The fact that the government's right to reimbursement derives from statute rather than common law does not affect characterization of the claim as quasi-contractual. A statutory right of recovery may be deemed quasi- contractual if it "is a legal obligation, not based upon agreement, (and) enforced . . . by compelling the obligor to restore the value of that by which he was unjustly enriched." Corbin, Quasi-Contractual Obligations, 21 Yale L.J. 533, 550 (1912) (emphasis deleted). Thus in Steamship Co. v. Joliffe,69 U.S. (2 Wall.) 450, 456-457, 17 L.Ed. 805 (1864), a right of action by a harbor pilot for half-pilotage fees, although given by statute, was quasi-contractual. In Whitman v. Oxford National Bank, 176 U.S. 559, 567, 20 S.Ct. 477, 44 L.Ed. 587 (1900), a creditor's suit against a stockholder of an insolvent corporation, although predicated upon a statutory right, was quasi-contractual in nature. See also, e.g., Nathanson v. NLRB, 344 U.S. 25, 27, 73 S.Ct. 80, 97 L.Ed. 23 (1952); Brown v. O'Keefe, 300 U.S. 598, 606, 57 S.Ct. 543, 81 L.Ed. 827 (1937). Indeed, it has been said that "(a) statutory obligation which does not rest upon the consent of the parties, is clearly quasi-contractual in its nature." W. Keener, Quasi-Contracts 16 (1893). See also Corbin, Quasi-Contractual Obligations, 21 Yale L.J. 533, 537 (1912).
The government's suit was timely filed, therefore, because quasi-contract actions are subject to the six-year limitation period of 28 U.S.C. § 2415(a):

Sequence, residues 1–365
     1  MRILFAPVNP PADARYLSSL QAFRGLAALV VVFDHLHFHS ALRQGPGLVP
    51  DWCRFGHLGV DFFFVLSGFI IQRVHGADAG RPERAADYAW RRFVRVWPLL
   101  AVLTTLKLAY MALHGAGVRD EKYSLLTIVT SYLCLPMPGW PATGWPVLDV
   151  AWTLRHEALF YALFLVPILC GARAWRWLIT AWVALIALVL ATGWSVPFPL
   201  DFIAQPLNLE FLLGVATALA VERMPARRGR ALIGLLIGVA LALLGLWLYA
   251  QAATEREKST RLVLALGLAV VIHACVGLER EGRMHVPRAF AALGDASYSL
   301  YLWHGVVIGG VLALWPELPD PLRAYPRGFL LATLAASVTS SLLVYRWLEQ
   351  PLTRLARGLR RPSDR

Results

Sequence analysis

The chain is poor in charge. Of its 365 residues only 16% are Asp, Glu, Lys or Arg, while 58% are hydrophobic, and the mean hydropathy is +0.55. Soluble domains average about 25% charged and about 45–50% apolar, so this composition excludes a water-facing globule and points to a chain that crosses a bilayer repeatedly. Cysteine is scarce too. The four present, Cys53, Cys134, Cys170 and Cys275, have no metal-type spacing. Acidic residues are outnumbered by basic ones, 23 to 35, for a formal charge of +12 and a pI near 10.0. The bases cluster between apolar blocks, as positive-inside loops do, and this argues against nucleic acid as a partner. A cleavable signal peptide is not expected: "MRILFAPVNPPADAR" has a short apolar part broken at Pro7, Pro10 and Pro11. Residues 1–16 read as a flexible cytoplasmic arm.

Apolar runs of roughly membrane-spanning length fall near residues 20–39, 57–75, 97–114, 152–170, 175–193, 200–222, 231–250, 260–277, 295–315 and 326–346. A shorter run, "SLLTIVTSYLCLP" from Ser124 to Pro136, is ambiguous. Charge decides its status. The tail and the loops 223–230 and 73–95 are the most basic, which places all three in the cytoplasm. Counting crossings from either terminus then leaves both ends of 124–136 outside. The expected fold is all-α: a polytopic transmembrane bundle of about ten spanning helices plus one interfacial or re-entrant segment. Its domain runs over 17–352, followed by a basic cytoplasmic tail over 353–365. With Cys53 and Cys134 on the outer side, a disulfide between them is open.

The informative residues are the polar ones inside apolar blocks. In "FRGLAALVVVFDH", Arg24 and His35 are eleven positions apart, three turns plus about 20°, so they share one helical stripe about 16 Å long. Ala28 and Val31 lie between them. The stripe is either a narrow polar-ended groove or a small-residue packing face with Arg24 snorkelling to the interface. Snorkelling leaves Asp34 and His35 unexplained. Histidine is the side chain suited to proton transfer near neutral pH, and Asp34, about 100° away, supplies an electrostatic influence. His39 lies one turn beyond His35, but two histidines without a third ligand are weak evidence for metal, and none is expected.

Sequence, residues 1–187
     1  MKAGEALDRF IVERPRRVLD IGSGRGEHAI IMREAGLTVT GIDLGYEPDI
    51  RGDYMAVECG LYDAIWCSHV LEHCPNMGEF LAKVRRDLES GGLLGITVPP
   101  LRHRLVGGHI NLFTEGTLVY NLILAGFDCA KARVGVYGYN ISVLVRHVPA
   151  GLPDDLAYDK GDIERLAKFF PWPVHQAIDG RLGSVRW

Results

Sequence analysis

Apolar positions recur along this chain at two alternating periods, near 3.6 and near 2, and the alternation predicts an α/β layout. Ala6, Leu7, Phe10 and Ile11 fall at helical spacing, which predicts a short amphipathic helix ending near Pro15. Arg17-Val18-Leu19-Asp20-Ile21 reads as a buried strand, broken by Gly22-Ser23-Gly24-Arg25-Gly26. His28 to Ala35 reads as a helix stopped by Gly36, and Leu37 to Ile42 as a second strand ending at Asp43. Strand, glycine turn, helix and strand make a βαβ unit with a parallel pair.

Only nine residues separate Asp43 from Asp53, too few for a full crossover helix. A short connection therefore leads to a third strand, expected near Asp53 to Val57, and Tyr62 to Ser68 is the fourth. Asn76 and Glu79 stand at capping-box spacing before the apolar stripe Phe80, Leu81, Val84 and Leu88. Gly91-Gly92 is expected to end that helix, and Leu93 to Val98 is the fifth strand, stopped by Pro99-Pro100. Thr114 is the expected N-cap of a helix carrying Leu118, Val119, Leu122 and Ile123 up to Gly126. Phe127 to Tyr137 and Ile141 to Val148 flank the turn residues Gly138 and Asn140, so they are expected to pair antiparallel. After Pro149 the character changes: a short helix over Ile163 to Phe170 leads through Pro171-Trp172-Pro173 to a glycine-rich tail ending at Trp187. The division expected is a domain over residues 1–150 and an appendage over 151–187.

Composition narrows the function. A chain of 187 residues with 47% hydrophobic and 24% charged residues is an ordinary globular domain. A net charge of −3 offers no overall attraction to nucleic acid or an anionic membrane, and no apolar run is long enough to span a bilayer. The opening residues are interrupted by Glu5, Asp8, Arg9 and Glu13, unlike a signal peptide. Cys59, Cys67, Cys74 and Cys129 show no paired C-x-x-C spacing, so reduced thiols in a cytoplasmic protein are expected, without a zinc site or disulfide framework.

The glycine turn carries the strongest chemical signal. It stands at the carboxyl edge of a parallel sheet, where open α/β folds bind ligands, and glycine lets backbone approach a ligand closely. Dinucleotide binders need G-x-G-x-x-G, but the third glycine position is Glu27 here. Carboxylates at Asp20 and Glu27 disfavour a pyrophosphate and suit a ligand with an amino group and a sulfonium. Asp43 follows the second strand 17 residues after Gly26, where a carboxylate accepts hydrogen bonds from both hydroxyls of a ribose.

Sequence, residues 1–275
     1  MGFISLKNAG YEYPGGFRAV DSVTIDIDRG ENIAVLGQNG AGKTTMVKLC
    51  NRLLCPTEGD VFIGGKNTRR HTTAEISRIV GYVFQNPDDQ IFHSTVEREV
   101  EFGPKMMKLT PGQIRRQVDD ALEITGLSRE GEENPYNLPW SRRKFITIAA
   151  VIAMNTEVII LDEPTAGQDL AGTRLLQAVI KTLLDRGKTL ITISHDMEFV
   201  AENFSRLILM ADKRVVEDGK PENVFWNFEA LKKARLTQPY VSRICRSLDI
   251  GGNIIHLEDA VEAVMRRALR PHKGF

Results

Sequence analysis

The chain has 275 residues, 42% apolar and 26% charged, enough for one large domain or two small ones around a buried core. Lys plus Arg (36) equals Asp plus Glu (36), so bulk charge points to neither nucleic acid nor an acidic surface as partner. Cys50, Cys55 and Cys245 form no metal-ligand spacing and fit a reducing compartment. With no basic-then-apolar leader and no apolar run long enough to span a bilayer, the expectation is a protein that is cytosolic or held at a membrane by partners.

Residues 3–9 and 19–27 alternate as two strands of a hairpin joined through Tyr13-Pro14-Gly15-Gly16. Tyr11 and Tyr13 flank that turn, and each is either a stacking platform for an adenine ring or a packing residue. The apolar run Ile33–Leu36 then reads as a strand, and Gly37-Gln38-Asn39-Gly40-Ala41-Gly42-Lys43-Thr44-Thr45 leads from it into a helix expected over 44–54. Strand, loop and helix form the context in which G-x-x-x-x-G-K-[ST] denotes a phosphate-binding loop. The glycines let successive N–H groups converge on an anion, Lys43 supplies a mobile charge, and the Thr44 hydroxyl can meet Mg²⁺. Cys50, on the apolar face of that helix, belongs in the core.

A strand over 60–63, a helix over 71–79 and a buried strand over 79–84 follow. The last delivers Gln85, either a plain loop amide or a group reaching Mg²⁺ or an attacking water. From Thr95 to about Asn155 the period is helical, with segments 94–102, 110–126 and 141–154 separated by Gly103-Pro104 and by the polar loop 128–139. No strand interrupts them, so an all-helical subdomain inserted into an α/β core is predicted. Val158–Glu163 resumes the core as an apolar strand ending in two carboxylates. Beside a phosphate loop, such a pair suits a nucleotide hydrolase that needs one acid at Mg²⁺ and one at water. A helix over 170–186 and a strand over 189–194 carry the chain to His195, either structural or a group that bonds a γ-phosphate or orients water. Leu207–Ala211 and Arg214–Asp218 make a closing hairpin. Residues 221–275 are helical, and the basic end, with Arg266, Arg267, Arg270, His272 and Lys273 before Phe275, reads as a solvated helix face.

(E)very action for money damages brought by the United States or an officer or agency thereof which is founded upon any contract express or implied in law or fact, shall be barred unless the complaint is filed within six years after the right of action accrues . . . .2
The Limbses argue that "contract implied in law" in section 2415(a) refers "to an actual contract inferred from the circumstances, conduct, acts or relations of the parties, showing a tacit understanding," quoting United States ex rel. Hargis v. Maryland Cas. Co., 64 F.Supp. 522, 527 (S.D.Cal.1946). " Contract implied in law," however, is a synonym for quasi-contract; it is not an obligation based upon consent. 1 A. Corbin, Contracts § 19 (1963). Moreover, the legislative history of section 2415(a) clearly shows that, in addition to the consensual obligations of express or implied contract, nonconsensual quasi-contractual obligations were to be subject to the six-year limitation period.3 United States v. Neidorf, supra, 522 F.2d at 919.